Cal vs. Coach K
The argument of Cal should win more than anyone due to talent can be an apples to apples argument by simply comparing Calipari to Coach K. K has imitated Cal’s one and done philosophy and in a lot of ways, the two programs are interchangeable in the ‘talent’ vs. coaching argument.
Since Coach K has been imitating Cal on the recruiting trail (and actually beating him lately) the two programs have been 1 and 2 in bringing in the best talent. This means you can look at the two programs and really see them side by side and see how the two most talented teams perform under their respective coach.
When comparing Cal and K with just numbers, it is a no-brainer who has performed better since Cal has been at UK.
Coach Cal has had a few bad losses in March; the West Virginia one with Wall and company, the loss to UConn in the title game, and the Indiana loss with Ulis come to mind. Cal also missed the tournament altogether after losing Nerlens Noel in 2013.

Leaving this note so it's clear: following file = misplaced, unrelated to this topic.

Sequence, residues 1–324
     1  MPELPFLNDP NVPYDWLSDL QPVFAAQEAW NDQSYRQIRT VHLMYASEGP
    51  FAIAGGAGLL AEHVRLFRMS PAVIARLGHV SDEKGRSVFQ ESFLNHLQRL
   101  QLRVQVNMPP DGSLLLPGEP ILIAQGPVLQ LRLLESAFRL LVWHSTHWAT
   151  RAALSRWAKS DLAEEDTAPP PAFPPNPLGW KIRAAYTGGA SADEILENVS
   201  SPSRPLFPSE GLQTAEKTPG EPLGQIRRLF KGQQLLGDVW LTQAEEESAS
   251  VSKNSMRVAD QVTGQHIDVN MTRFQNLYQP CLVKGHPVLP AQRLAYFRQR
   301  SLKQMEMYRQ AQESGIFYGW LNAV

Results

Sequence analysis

Those Calipari losses pale in comparison to Coach K losing as a 1-seed against 8-seed Michigan, crapping the bed as a 2-seed against 15-seed Lehigh, collapsing as a 3-seed vs. 14-seed Mercer, and last season’s 2-seed loss vs. 7-seed South Carolina, blowing a big lead and letting South Carolina score 65 points in the 2nd half.
Imagine for a moment if Calipari had those March Losses on his resume? I am not sure even a second title would even that out for the fanbase. Maybe if they had completed the 40-0 season, maybe he would get a pass for the prior paragraph results under his resume.
If you want to say that Cal cannot be compared to teams like North Carolina or Louisville, or Villanova because he always has better talent, that is fine, but you have to take into account Duke’s performance over that time and rationally compare them.